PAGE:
Filters are the key component in rainwater harvesting systems that remove the majority of contaminants, from twigs and leaves right down to microscopic debris. Which filter type to choose depends on the volume of water being collected, with large commercial systems requiring more complex devices than relatively simpler domestic systems.
Traditionally, the simplest of all was some netting stretched across the mouth of a water butt beneath the drainpipe. This was not ideal as it would rapidly become clogged.
Today’s technology sees self-cleaning Vortex style filters that require little emptying or maintenance and work ceaselessly to ensure that storage tanks are free from debris.
What Are The Main Filter Applications?
Rainwater filters are designed for either one of the two primary purposes in a rainwater harvesting system:
- Pre-tank treatment, which remove as many physical contaminants as possible before the water enters the storage system
- In-tank filtration is a variation on pre-tank systems that see the filter deployed inside the storage tank but with the same effect as external pre-tank filters
- Post-tank filtration involves additional particulate filtering after the water leaves the storage system and is piped to application points, such as drinking water outlets
Pre-Tank Filter Types
The most important function of these filters is to prevent debris from entering the tank, so the finer the filter mesh the better (within reason). This helps to maintain peak quality and inhibit the development of anaerobic bacteria, which can lead to unpleasant odours.
- Downpipe filter – These are designed to extract the water and divert it to the storage system while leaving debris to continue down the pipe. The vast majority of water that passes through these downpipe filters is harvested – around 95% – thus minimising water loss.
- Vortex filter – A clever design causes the water to swirl around and against a mesh that prevents any particle bigger than 0.28 mm to pass through into the storage tanks.
One important additional functions of these Vortex filters is to oxygenate the water as it is filtered. Watch the video that explains the vortex filter technology and the action.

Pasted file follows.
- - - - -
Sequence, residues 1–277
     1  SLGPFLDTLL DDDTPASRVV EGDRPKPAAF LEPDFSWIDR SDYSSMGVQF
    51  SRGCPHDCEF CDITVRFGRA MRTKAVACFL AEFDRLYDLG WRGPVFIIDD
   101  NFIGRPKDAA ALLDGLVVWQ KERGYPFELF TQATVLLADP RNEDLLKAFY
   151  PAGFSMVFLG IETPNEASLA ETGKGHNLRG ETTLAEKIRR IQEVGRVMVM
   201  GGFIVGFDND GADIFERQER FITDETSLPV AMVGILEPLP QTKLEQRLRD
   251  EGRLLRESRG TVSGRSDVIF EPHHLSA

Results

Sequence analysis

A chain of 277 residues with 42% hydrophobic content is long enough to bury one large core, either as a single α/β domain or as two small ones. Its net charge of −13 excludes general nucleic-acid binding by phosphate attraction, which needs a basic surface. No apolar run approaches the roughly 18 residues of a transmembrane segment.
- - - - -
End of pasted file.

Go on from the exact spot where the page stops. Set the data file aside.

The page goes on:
- Horizontal filter – specifically designed for commercial sites where a low invert loss is required (difference in height between the inlet and outlet pipes), this style of filter utilises a mesh underneath the water flow to remove and wash away debris. See the specification and explanatory video.
The LineAr horizontal in-tank water filter is a unique design that using the same technology as the Vortex filter within a horizontal unit within minimal invert loss, that is extremely efficient at removing debris. A useful animation explains the operation of the LineAr filter.
- Particulate filters – These are called particulate filters because the earlier filters are expected to have already removed physical debris greater than a certain size. Particulate filters are especially important when water quality needs to be raised from non-potable to a higher quality using an ultra violet disinfection unit. UV light neutralises the health risk from microbial sources and pathogens by destroying their DNA. The process requires that the water contain no particles that might throw shadows and prevent the UV light from reaching all areas, Hence the need for an inline particulate filter before the UV chamber.
- Carbon filters – these are used to improve the taste and odour of water.
When considering a rainwater harvesting and distribution system for your next project, it pays to obtain advice from professionals in the industry. We at Rainharvesting Systems are the UK’s longest established systems vendor and we are happy to draw on our wealth of experience to assist you in designing the most appropriate system to maximise a client’s investment. Contact us today for a free and no-obligation initial consultation.